Sawtooth Mountains panorama. Photo: Fredlyfish4, CC BY-SA 4.0

SAW TOOTH MOUNTAINS. –These mountains were named by the immigrants during the ‘60s and were so called because of the jagged peaks along the range, which, when observed along the sky line, resembled a huge saw blade lying on its back. (Editor’s Note: Rees used two words – Saw Tooth – rather than the single word seen today.)

The shape of Idaho.

SHAHAPTAN. –This is a linguistic family of North American Indians that occupied north central Idaho, southeastern Washington and northeastern Oregon, and at the last census numbered 5,000. Their earliest home was upon the Columbia River and when they were pushed southward the Salish called them Shahaptans,” meaning “strangers from up the river.” There were several tribes, but the principal ones were the Chopunnish, whose principal habitat was on the Clearwater; Palouses and Yakimas in southeastern Washington, and the Umatillas and Walla Wallas in northeastern Oregon.

SHAPE. –The shape of Idaho is that of a straight back chair, the back being 500 miles along the west, bordering Washington and Oregon; the top 48 miles along the north, bordering British Columbia; the upper portion of front about 500 miles along the east, bordering Montana; the lower portion of front about 180 miles along the east, bordering Wyoming, and the bottom 305 miles along the south, bordering Utah and Nevada. Its greatest length from north to south is 490 miles; its greatest width from east to west is 305 miles. The northern portion is called the Panhandle.

SHOSHONE COVE. –This is the name given by Lewis and Clark to what was afterward called “Horse Prairie,” in Montana. They called it thus from the tribe of Indians with whom they were dealing, but the latter name was given because it was the prairie where Lewis and Clark traded with the Shoshonis for horses. The Indians called this prairie “To-erh-ro-ne,” meaning “The place of trading horses.”

Shoshone Falls, 1898. Creative Commons BY 2.0.

SHOSHONE FALLS, Lincoln County. –The three great falls of America, Niagara, Shoshone and Yosemite, being as characteristically different as possible, all bear Indian names. The Shoshone is one of the finest and most magnificent falls in the world, with a plunge of nearly 200 feet. “It is a strange, savage scene – a monotony of pale blue sky, olive and gray stretches of desert, frowning walls of jetty lava, deep beryl-green river stretches, reflecting here and there the intense solemnity of the cliffs, and in the center a dazzling sheet of foam. In the early morning light the shadows of the cliffs were cast over half the basin, defining themselves in sharp outline here and there on the river. Upon the foam of the cataract one point of the rock cast a cobalt-blue shadow. Where the river flowed around the western promontory it was wholly in shadow and of a deep sea-green. A scanty growth of coniferous trees fringed the brink of the lower cliffs overhanging the river. Dead barrenness in the whole sentiment of the scene. The mere suggestion of trees, clinging here and there along the walls, serves rather to heighten than to relieve the forbidding gloom of the place. Nor does the flashing whiteness where the river tears itself among the rocky island, or rolls in spray down the cliff, brighten the aspect. In contrast with its brilliancy the rocks seem darker and more wild.” (King, Geological Survey.)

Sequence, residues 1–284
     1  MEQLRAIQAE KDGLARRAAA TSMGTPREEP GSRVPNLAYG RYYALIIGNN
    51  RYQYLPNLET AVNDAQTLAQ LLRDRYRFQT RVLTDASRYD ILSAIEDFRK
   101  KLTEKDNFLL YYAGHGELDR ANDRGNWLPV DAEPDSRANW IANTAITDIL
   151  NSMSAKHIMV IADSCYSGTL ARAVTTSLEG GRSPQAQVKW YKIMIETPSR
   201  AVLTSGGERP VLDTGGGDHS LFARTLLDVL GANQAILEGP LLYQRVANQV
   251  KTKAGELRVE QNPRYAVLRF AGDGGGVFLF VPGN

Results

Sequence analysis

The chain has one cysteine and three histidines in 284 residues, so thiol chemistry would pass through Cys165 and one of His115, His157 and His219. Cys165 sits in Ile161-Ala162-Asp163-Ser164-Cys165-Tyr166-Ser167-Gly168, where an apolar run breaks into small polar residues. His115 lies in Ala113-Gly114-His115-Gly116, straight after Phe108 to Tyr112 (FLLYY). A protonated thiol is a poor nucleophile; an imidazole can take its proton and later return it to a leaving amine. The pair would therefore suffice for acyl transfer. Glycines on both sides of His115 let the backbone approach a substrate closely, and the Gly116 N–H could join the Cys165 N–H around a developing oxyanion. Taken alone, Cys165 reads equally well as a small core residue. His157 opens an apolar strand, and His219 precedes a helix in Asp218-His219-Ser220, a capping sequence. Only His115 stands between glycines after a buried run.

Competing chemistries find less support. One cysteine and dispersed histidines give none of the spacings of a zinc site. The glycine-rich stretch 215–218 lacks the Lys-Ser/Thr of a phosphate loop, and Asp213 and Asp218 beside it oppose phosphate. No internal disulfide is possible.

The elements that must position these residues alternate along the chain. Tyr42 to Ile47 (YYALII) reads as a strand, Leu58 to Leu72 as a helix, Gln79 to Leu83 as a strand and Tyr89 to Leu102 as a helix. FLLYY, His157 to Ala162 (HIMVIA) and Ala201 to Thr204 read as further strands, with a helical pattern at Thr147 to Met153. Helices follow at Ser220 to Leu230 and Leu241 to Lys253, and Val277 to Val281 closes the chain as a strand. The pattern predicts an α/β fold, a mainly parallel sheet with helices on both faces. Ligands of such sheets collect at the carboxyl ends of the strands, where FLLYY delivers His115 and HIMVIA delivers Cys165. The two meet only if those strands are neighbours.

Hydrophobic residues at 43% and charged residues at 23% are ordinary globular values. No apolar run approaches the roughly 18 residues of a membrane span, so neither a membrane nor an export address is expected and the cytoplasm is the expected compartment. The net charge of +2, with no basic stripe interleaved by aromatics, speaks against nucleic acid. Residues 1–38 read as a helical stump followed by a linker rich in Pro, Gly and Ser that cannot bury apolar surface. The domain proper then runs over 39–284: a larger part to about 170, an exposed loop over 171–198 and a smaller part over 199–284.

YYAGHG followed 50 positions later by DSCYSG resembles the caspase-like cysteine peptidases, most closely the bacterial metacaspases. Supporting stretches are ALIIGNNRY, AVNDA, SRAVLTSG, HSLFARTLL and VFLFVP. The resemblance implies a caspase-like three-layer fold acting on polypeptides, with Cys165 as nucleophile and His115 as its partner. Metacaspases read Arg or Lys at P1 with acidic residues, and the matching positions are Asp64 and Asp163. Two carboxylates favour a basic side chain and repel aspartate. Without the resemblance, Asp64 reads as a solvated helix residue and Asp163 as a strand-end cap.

Shoshone Lake. Photo: National Park Service Archives.

SHOSHONE LAKE. –This body of water is the head and source of the Snake River and was first mapped in 1863 by engineer Walter W. De Lacy, from which incident the United States Surveyor General, of Helena, Montana, gave it the official name “De Lacy’s Lake.” In 1872 Prof. F. V. Hayden, of the United States Geological Survey, visited the lake and thru professional jealousy renamed it “Shoshone Lake.” The Snake fork of the Columbia and the Madison fork of the Missouri rise in the Yellowstone National Park only a few miles apart and only a few miles from the Green fork of the Colorado.

(Editor’s Note: From Wikipedia: Shoshone Lake is a U.S. backcountry lake with the area of 8,050 acres elevated at 7,795 feet in the southwest section of Yellowstone National Park, Wyoming. It lies at the headwaters of the Lewis River, a tributary of the Snake River. The U.S. Fish and Wildlife Service believes that Shoshone Lake is the largest backcountry lake in the lower 48 states that cannot be reached by a road. Maximum depth: 205 feet….Shoshone Lake has had many names since it was first viewed by fur trappers in the early 19th century. Jim Bridger may have visited the lake in 1833, but certainly visited it in 1846. Trapper Osborne Russell visited the lake in 1839. During this period the lake was called Snake Lake. A map created by Father Pierre-Jean De Smet in 1851 showed the lake as DeSmet’s Lake. Walter DeLacy, the Montana map maker named the lake DeLacy’s Lake when he passed through the area in 1863. During the Hayden Geologic Survey of 1872, Frank Bradley, a member of the survey confirmed the lake was in the Snake River drainage and named the lake Shoshone Lake based on the Indian name of the Snake River.Located at the southwest end of the lake, The Shoshone Geyser Basin contains one of the highest concentrations of geysers in the world – more than 80 in an area 1,600 feet by 800 feet.)